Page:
Hallucinogenic wormwood is also known as "grand wormwood," and is part of the flavoring profile of quality absinthe. Distillers also will use royal wormwood or petite wormwood for a similar, less dangerous flavor alternative.
Regardless of the thujone levels you want, you will need to get wormwood. While a lot of the supplies that you'll need will be easy to find, this one won't be. It can be hard to find due to legality issues in certain areas, or just because it's hard to find. Ideally, you'll have it fresh.
You will also need anise, fennel, and a hard liquor such as vodka—at the very least.
If you so choose, you can add other herbs to your absinthe for extra flavor or a more heady punch. There are a number of different sites telling you how to make absinthe's unique herbal composition.
For a lot of people, learning how to make absinthe is a process.
Here's the biggest issue with absinthe: it will take a hot minute to actually get a recipe or combination you like. You will need to find a liquor that works well with your palate, a spice mix that tastes good for you, and trust me, there will be a lot of bad batches before you find the right one.
Generally speaking, the easiest way to make absinthe is to make it as a liquor infusion.
Most people will tell you how to make absinthe the "easy" way: it's an infusion. You simply add one third cup of the herbal mix you enjoy to 750 mL of liquor. Then, you store it in a warm, dark place for anywhere from two weeks to two months.
After your storage period is up, you strain the herbs out and you're left with a brown, bitter liquid. You then will have to distill it by boiling away the bitterness and the alcohol.
Once that's done, you'll have to add macerate, which is a secondary infusion done with petite wormwood and vodka. This infusion only lasts a couple of days, and is mixed with the distilled absinthe.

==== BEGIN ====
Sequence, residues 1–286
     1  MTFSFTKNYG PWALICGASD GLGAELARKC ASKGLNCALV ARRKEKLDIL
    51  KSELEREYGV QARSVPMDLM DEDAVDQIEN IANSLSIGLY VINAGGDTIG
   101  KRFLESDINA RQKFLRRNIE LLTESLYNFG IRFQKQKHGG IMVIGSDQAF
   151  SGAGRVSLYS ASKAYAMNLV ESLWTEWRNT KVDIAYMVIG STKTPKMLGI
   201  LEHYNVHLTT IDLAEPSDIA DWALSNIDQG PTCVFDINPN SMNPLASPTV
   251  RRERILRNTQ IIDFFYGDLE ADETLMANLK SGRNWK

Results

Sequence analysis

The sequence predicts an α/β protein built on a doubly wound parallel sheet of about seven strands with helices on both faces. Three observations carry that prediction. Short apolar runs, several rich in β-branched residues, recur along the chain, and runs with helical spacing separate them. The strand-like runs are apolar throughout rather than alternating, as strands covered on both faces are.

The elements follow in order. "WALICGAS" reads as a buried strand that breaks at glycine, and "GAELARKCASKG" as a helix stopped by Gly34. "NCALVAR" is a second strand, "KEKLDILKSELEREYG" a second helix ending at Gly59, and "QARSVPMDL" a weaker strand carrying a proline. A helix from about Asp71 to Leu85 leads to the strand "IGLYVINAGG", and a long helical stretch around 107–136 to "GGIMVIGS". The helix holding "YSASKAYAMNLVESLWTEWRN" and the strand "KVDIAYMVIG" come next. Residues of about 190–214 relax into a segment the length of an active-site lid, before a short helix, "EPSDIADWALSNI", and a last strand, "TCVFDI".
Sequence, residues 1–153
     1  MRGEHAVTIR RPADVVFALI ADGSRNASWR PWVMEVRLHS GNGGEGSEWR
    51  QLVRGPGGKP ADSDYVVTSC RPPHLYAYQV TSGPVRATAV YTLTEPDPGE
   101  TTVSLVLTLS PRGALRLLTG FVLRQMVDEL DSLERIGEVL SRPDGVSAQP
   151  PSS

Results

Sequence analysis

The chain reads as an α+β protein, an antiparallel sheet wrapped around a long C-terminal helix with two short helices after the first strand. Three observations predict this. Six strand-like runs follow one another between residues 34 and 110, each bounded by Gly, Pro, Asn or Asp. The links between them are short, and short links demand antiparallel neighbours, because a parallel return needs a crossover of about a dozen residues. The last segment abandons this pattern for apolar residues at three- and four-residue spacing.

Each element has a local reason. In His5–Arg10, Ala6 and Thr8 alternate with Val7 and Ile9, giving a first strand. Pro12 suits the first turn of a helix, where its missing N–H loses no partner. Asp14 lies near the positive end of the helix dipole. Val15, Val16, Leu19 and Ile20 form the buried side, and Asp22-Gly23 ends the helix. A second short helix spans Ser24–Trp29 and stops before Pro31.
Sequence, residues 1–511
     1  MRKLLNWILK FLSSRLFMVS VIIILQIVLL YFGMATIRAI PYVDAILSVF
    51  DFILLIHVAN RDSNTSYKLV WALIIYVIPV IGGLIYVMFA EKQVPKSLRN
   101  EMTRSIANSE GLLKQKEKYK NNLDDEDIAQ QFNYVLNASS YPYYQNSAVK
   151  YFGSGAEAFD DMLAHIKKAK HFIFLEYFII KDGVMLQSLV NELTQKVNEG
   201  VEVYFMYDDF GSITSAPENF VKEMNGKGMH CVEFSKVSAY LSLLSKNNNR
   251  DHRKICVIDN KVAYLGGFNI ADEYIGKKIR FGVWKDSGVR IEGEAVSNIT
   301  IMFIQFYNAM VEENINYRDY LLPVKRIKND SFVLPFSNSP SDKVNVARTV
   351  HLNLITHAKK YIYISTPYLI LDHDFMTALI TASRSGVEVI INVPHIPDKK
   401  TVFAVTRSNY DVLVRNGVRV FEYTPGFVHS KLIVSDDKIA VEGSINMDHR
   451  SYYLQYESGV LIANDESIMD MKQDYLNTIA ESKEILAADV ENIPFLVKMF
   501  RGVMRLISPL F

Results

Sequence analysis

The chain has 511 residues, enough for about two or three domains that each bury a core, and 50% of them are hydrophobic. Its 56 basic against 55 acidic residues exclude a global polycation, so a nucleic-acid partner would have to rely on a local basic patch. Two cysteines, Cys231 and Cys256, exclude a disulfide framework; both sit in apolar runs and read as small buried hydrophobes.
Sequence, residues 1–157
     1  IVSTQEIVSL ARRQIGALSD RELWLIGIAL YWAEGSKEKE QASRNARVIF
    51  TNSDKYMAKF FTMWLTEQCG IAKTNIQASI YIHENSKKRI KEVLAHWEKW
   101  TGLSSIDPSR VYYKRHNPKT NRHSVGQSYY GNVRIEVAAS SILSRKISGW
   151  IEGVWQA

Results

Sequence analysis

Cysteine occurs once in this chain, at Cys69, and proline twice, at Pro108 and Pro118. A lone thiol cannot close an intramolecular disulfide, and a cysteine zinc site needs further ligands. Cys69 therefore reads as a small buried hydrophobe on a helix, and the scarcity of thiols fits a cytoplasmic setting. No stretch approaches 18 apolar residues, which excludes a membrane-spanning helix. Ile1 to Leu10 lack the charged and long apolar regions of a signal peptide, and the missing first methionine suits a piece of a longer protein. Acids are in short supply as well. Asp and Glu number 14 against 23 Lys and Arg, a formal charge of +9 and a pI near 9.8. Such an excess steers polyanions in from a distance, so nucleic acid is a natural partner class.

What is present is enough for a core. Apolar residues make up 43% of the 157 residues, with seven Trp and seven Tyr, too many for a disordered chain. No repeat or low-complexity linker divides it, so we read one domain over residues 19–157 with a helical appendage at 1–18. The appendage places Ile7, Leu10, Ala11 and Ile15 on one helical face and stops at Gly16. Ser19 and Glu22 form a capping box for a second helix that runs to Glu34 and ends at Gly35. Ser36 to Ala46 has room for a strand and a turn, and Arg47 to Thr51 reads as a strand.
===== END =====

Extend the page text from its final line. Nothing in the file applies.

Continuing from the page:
But wait! There's more you need to do.
The final step of learning how to make absinthe at home is figuring out how much absinthe distillate, macerate, and water you want to mix.
This is something you will have to figure out via taste-testing. Trust us when we say that you will taste some very bitter or strange concoctions during this phase. That's why many people prefer to just grab a bottle of absinthe at a liquor store.
An easier alternative, if you still want to learn how to make absinthe, is to go with a tried-and-tested method.
Sadly, there's a lot of guesswork when it comes to trying to figure out how to make absinthe. Some might argue that that's the "traditional way," but that honestly isn't too fun to deal with.
A better way to avoid all the wasted ingredients is to just get a kit that has pre-measured absinthe ingredients in it, a step-by-step guide, and all the tools you need to make a batch. The Absinthe Making Kit from Uncommon Goods, for example, has a pretty solid track record.
No matter what route you choose to use while figuring out how to make absinthe at home, just make sure to serve it well.
The ideal way to enjoy absinthe is to have it served using the sugar cube method, which involves dissolving a sugar cube into the mixture using a water drip.
However, it's also pretty good with some Brut Champagne. (I've tried it. It's one of the best Champagne cocktails you'll ever taste!)
Either way, you'll love making it on your own—and enjoying the fruits of your labor.